Then there is the direct effect of reviewers’ comments on how researchers conduct and present their work. I once asked the late Sir John Maddox, who edited Nature for 22 years and was one of our founding board members at Sense about Science, what difference he thought reviewers made. He said it was hard to think of a paper that had not been improved by the comments of reviewers, but at the other end of things he could think of a good many that had been utterly transformed. And just ask any grant reviewer how often they spot a significant methodological flaw in a proposal. 

But these are peer review’s effects, not its driver. The reason it’s so systematically applied in research is as a selection process. It helps a funder decide what to fund, as well as an editor decide what to publish or a researcher choose what to read. We don’t really have to think for very long to imagine how for the rest of us, in this age of information and misinformation — and so much information! — knowing whether something has been subjected to critical scrutiny is pretty valuable. 

Do we need to do more to educate people about why peer review is so important to the research process? What sorts of tactics have you found work best? 

We absolutely do! It’s important for all of us to know what the quality checks are for research. If you were marooned with your family on a desert island surrounded by shellfish, wouldn’t you want to know which ones the fishmongers would choose and why? That’s kind of what it feels like for most of society to be at an interface with research.  

Perhaps the most important tactic for getting people outside of research to pay attention to the peer review system has been getting researchers to care about it. Back in those early days, when evidence and allegations were being traded in science and society debates on radiation or climate or GMOs, we found it strange that few thought to talk about questions of quality and reliability. One reason may have been that researchers, like many professionals, like to moan about the system they work with. (Try talking to lawyers about the justice system…) Inevitably there are places where a human judgement system, as peer review is, doesn’t deliver a good result; where a huge global system, as peer review also is, gets overloaded or in need of modernization. But that shouldn’t blind us to its value.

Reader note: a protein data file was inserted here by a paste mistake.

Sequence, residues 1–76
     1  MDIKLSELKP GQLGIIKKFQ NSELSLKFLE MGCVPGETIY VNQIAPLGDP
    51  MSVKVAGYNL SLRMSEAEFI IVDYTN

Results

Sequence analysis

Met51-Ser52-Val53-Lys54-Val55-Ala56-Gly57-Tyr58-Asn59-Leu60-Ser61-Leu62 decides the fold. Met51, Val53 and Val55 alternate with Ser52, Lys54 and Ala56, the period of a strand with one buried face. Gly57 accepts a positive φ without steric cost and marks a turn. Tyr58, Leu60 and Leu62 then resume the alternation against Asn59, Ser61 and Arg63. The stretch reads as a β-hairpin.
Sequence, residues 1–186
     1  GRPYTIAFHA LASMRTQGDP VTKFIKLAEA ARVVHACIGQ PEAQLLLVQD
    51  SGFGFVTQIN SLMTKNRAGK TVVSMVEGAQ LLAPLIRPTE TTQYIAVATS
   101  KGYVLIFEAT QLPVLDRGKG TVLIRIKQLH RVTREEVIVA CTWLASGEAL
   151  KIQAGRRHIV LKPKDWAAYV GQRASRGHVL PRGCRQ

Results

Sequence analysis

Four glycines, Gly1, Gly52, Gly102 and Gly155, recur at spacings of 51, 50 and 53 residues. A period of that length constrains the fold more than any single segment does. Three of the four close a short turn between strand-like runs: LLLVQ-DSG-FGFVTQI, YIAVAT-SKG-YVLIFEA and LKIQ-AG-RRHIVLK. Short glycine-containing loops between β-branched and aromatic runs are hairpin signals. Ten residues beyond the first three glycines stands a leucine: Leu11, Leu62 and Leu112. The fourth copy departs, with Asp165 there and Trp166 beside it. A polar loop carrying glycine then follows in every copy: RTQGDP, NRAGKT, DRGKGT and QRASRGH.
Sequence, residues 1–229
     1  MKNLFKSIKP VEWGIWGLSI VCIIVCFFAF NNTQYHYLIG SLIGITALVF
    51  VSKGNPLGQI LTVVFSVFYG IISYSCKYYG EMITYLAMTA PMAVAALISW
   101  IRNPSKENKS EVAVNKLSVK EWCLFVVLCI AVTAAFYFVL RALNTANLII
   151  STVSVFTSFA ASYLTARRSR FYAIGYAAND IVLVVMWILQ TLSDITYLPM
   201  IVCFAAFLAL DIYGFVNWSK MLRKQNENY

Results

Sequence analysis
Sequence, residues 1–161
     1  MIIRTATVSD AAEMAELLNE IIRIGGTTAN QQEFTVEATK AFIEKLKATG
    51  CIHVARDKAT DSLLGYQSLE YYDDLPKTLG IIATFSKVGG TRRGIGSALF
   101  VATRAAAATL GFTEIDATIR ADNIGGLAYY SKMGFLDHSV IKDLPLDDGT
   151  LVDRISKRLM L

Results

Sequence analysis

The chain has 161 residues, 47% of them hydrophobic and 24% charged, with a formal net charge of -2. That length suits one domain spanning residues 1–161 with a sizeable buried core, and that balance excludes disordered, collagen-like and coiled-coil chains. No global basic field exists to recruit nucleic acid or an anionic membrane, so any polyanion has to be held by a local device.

We have managed to change that defensiveness, equipping early career researchers in particular to talk with confidence about the strengths and weaknesses of the system, and the kinds of initiatives that could deal with those weaknesses and bring it into the 2020s. Initially this was by engaging different groups of researchers and publishers in writing and disseminating I Don’t Know What to Believe – a short guide explaining the peer review system starting from the perspective of someone confronted by myriad conflicting claims. We began with just 10,000 copies, a popularization plan involving thousands of researchers and a lot of skeptical eyebrows in the scholarly publishing community. We planned to get people asking ‘is it peer reviewed?’ as a starter question, and we did. Here we are 10 years or so later with millions of downloads, including in Mandarin, and it’s just about to be revamped again. Journalists, parliaments, schools curriculum bodies, nonprofits, government procurement agencies, community action groups — we couldn’t have imagined how widely it would be used to explain and understand what published research is about. It now forms part of a wider program on understanding quality issues, which we’ve recently extended to data science

At the moment there’s no standard way to measure or define the quality of peer review for any given publication. Is this something we should be addressing and, if so, why and how?